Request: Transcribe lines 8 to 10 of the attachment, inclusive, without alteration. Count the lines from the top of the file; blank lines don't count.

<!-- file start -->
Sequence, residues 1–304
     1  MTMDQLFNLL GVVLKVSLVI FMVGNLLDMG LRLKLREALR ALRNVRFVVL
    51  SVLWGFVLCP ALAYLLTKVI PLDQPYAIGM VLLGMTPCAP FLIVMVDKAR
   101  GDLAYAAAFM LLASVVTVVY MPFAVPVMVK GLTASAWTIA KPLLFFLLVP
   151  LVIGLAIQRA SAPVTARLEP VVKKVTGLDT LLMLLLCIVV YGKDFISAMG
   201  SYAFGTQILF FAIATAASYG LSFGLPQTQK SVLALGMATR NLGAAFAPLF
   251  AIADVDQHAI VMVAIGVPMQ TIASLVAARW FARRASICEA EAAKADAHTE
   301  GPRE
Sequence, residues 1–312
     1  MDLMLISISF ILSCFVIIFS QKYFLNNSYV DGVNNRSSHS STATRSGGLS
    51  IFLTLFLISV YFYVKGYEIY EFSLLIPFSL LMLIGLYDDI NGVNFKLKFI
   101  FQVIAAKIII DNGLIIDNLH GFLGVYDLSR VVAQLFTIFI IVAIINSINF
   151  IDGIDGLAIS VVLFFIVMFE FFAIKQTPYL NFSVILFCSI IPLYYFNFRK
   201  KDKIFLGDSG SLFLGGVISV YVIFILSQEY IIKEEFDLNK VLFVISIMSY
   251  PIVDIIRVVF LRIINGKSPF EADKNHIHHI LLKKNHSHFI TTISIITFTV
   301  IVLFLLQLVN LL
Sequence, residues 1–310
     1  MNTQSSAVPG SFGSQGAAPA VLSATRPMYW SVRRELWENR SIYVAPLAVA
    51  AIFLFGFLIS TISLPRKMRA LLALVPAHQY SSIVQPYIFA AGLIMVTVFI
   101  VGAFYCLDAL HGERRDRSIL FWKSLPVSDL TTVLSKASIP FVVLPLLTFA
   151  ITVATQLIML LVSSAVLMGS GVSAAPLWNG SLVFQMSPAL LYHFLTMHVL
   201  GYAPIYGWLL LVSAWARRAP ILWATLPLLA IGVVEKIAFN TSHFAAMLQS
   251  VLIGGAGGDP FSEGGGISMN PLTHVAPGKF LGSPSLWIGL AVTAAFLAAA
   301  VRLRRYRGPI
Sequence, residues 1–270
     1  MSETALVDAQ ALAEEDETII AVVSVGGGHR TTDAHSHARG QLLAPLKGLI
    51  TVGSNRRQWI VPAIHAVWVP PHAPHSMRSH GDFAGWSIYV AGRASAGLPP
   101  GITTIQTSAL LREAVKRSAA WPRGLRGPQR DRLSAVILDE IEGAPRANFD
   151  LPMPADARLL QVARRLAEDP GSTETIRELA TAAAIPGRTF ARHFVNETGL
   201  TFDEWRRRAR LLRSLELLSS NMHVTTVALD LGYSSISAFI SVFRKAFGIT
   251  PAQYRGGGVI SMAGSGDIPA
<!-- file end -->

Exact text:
   301  GPRE
Sequence, residues 1–312
     1  MDLMLISISF ILSCFVIIFS QKYFLNNSYV DGVNNRSSHS STATRSGGLS